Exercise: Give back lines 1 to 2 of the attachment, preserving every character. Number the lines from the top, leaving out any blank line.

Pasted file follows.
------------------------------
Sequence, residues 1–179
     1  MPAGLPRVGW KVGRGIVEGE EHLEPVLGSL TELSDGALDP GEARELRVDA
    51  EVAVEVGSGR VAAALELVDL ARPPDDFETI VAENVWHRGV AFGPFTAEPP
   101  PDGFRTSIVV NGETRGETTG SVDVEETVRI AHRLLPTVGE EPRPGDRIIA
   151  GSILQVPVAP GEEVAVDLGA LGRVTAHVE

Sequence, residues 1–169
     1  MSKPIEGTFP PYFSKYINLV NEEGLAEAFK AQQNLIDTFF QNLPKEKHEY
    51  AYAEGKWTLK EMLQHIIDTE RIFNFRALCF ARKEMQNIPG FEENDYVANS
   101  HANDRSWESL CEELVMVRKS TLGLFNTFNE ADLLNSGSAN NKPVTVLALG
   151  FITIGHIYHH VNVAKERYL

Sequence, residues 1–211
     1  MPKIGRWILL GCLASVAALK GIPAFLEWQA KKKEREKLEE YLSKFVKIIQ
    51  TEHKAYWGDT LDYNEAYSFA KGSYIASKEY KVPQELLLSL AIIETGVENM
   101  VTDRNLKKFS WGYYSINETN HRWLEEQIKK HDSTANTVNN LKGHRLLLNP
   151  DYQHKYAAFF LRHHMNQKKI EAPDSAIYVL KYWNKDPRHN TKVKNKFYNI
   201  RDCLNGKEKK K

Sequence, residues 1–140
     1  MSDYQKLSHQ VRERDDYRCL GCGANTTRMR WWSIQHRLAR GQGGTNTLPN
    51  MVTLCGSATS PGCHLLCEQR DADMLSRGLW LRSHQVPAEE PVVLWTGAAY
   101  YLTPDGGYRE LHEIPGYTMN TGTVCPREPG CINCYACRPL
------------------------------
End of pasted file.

Sequence, residues 1–179
     1  MPAGLPRVGW KVGRGIVEGE EHLEPVLGSL TELSDGALDP GEARELRVDA